A Catskill Catalog: July 16, 2008

I witnessed a skimmelton in 1971. Visiting in the home of friends who were a newly married couple late one evening, we were startled by a loud ruckus outside the house. We needn’t investigate long. A crowd of mostly young neighbors and friends had arrived outside with a tractor and wagon - or was it a pickup truck loaded with hay? They banged on the door and on the pots and pans they carried, invaded the house, and, in high spirits and with boundless good nature, “kidnapped” the newlyweds for a mock serenade, a hayride through the village accompanied by lots of noise and lots of razzing of the young couple. It was fun although as I remember, the couple was less than thrilled.
I haven’t heard of another skimmelton in the more than a third of a century since that time. There must have been a few, but the old custom seems to be largely dying out. As American culture becomes more and more homogenized, traditional local customs like the skimmelton fade away. That’s too bad.
Such customs remind us that we live in a very particular place, with a history and a set of traditions particular to that place. Such customs remind us that a community and way of life precede us, and that here is bigger than just now.
The skimmelton was a very local custom. The word itself – with a variety of alternate spellings – was identified in 1949 as current in a well-defined region stretching from the Housatonic River in Connecticut to the upper Delaware in Pennsylvania and northwestern New Jersey, centering on the Catskills and the Hudson Valley in New York State. A similar custom, but with more harmonious music, called the Chivaree, has been identified out west.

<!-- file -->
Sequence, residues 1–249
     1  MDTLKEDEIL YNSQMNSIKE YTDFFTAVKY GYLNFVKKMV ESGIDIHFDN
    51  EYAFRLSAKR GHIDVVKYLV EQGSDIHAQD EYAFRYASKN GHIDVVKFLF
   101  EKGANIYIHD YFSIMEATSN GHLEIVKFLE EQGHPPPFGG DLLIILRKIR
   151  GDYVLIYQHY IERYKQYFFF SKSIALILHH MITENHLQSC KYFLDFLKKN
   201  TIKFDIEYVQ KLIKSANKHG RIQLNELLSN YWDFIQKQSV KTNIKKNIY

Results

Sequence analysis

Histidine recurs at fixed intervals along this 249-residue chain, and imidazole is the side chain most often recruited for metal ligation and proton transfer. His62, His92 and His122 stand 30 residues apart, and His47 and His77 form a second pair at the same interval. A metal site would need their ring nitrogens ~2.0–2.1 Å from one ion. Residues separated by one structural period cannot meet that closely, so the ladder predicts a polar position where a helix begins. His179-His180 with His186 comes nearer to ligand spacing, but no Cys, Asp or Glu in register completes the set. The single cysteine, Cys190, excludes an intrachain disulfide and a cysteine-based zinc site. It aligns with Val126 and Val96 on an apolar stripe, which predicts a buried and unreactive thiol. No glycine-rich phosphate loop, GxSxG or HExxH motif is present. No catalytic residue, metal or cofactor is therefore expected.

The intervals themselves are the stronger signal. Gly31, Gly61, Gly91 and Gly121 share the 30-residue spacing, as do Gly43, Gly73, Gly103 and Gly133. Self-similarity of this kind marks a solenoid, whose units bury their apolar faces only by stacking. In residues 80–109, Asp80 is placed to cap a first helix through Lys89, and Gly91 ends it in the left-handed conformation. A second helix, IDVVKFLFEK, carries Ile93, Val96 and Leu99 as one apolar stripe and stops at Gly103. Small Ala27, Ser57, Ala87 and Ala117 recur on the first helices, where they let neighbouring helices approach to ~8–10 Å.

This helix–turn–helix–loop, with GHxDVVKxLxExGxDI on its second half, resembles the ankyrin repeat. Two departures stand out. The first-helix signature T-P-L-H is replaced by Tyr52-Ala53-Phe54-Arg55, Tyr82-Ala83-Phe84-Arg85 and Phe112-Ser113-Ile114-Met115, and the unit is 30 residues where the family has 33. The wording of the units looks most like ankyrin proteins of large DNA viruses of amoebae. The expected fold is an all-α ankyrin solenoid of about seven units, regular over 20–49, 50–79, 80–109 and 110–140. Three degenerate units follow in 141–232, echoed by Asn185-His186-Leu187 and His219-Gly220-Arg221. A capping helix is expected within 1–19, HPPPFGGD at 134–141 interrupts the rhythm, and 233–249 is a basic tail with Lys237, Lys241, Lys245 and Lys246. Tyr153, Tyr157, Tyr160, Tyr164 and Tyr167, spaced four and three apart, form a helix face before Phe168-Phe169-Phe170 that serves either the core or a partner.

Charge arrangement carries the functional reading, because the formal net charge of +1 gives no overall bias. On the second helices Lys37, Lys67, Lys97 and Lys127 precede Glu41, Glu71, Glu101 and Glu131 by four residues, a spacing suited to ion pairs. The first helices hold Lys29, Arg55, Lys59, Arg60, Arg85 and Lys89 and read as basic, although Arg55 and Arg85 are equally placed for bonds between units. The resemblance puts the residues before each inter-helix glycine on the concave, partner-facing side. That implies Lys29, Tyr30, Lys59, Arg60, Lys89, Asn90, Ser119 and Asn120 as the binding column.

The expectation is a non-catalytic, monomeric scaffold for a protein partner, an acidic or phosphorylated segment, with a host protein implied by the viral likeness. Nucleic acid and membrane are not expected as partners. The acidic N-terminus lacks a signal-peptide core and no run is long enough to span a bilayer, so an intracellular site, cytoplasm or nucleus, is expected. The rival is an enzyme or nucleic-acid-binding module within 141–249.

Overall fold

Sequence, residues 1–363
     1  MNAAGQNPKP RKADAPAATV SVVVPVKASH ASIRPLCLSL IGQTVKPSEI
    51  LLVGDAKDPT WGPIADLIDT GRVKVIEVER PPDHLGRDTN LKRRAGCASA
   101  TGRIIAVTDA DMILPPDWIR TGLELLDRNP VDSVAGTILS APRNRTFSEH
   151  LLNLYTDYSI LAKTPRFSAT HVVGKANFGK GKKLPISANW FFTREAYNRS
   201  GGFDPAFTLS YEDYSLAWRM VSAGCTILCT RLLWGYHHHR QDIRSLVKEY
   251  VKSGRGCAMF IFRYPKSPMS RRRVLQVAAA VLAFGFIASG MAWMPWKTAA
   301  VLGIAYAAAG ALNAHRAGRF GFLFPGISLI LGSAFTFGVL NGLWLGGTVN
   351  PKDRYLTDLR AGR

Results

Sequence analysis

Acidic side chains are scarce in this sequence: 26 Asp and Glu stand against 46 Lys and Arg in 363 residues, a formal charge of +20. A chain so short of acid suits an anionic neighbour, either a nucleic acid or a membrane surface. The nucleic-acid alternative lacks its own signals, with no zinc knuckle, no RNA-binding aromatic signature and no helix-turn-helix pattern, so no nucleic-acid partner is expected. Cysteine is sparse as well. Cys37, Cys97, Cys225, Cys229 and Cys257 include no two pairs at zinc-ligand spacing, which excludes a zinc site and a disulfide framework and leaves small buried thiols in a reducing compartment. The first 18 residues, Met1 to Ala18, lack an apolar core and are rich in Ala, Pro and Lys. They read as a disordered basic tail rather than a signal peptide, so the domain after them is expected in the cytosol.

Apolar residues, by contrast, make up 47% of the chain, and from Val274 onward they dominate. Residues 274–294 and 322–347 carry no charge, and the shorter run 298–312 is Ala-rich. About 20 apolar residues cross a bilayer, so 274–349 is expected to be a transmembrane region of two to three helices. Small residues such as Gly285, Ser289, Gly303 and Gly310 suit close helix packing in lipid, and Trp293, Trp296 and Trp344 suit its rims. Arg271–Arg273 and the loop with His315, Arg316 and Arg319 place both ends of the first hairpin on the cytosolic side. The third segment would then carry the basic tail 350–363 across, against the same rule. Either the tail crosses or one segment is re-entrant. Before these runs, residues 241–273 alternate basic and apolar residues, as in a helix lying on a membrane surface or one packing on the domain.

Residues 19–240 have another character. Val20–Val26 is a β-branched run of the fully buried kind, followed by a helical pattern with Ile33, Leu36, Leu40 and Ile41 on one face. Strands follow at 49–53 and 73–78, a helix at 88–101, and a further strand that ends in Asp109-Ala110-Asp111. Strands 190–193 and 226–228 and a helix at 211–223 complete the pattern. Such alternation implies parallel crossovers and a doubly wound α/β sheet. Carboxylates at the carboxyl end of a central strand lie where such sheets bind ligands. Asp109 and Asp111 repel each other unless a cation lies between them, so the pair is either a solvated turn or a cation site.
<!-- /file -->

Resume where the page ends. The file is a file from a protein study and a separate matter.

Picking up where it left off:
Culturnal reminders
When I moved to the mountains, there were lots of reminders that the culture of this place was different from the mainstream. In the little mountain village where I lived, men still gathered daily in the General Store to kibitz and gossip and trade insults and talk. The year was punctuated by seasons and activities new to me: haying time, and sap season, cider pressing, and hunting camp.
Area jukeboxes largely featured country music – Tammy Wynette rather than Blood, Sweat, and Tears – and Round and Square Dances were frequent events.
The Catskills are beautiful, and the purity and beauty of the natural environment is a great draw to our region. But, for me, it was the mountain culture that I found fascinating. There was something here that seemed better, purer, and more humane than the urbane suburban lifestyle in which I had been raised. There was something different about life in the mountains.
Several years before I got here, a friend who grew up in the Catskills, was telling me a story. He started by identifying the subject of the story: “My father’s best friend,” he told me, “is a truck driver.” I stopped him right there. See, I knew that my friend’s father was a doctor, a professional man. “Wait a minute,” I interrupted, “Your father’s best friend is a what?” I have great respect for both doctors and truck drivers, but where I came from the two would be unlikely to even know each other, much less be best friends. In the mainstream culture I knew, doctors and truck drivers ran in very different circles. I had to see this place where those circles intersected.
The late Harriet Smith of Roxbury told me a story that illustrates that intersection. Helen Gould Shepard, the daughter of Jay Gould, was a wealthy, cosmopolitan and cultured woman who spent summers at Kirkside, her Roxbury home. Each evening, dinner would be served at 8, evening clothes required.
Harriet told me that it was not uncommon for a man to deliver coal or milk or plumbing repairs at the back door of the big house during the day only to return to the front door in a dinner jacket at 8 that evening with his wife in her evening best for dinner with the Shepards.
Helen Gould was 45 years old when she surprised everyone, in 1913, by marrying Finley Shepard, an employee of her family’s railroad empire. The wedding was a lavish affair that took place in January in the family’s Westchester County estate, Lyndhurst. I wonder if the locals gave the couple a Skimmelton when they arrived in Roxbury that summer. Seems only right.